The Value of Repurposing Old Drugs to Treat Rare Disease

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According to a story from biotechconnectionbay.org, medical researchers are beginning to more closely investigate that possibilities that drug repurposing, or using old drugs for treating different illnesses, could offer. While it is true that the development of new drugs is moving apace, it is often a long and costly process. On average, the development of a new therapy costs around a billion dollars and can take nearly a decade to complete.

Drug repurposing offers a potentially cheaper and quicker alternative, and has the potential to make significant impact in treating rare disease. After all, developing rare disease drugs is often a more timely and costly process than making treatments for the most common illnesses. Many drug developers don’t bother because of the limited pool of patients that would benefit and therefore spend money on the drug; even with federal incentives like orphan drug designation, it simply isn’t worth it to many pharma companies.

The problems of time and cost are also getting progressively worse, indicating a significant loss in research and development efficiency in the pharmaceutical industry. Of all drug candidates submitted for trials and FDA approval, only about ten percent ever make it to the market. However, about 63 percent of drugs to clear the first Phase I trial hurdle. This could be a potential resource of drugs that could be repurposed, and if they have made it through Phase I, then they have at least been established as safe to use.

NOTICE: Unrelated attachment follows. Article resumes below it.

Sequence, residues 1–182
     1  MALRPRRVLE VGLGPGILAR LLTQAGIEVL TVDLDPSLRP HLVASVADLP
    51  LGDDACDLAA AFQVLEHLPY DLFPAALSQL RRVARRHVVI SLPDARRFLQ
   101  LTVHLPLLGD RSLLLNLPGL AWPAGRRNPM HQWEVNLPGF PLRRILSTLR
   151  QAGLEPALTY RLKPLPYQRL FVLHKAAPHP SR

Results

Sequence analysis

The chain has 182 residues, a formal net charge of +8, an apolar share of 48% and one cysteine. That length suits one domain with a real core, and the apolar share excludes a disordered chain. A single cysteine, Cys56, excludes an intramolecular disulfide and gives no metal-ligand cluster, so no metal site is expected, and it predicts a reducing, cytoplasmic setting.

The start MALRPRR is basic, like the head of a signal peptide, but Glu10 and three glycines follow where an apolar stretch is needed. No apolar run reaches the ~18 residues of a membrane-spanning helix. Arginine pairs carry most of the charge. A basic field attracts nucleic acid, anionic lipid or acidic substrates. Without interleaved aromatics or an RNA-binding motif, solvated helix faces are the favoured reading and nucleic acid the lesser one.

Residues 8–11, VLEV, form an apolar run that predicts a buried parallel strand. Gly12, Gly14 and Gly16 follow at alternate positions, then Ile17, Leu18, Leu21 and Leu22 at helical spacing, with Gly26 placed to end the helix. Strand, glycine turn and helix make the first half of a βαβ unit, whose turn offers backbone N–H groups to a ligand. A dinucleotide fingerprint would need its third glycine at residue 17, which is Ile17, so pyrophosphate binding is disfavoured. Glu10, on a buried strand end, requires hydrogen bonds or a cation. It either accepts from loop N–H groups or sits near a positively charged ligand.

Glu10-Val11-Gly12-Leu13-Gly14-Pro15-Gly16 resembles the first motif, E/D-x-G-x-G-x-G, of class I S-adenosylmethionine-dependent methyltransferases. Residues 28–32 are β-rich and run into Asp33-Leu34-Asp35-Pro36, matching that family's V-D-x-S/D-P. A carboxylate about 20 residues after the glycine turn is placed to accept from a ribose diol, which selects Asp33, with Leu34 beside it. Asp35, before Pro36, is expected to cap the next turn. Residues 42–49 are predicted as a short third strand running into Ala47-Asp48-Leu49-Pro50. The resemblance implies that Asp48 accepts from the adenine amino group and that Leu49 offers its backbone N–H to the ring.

Research with these drugs in order to find new purposes for them could save a lot of time and money, and when a drug is used for a different rare disease, it gets a new patent that creates another monetary incentive for drug companies. Drug repurposing is not just a theoretical phenomenon either; Viagra, for example, widely used as a treatment for erectile dysfunction, was originally developed for treating cardiovascular disease.

It is not uncommon for conditions that may appear unrelated to share some of the same symptoms and underlying causative mechanisms. Clearly, repurposing is simply not being exploited effectively. However, before repurposing can take place on an industry scale and start helping rare disease patients, the norms around drug research need to change. Because research fields are often highly specialized, a compound being developed for one rare disease is often totally unknown outside of the small circle of researchers that are focused on it.


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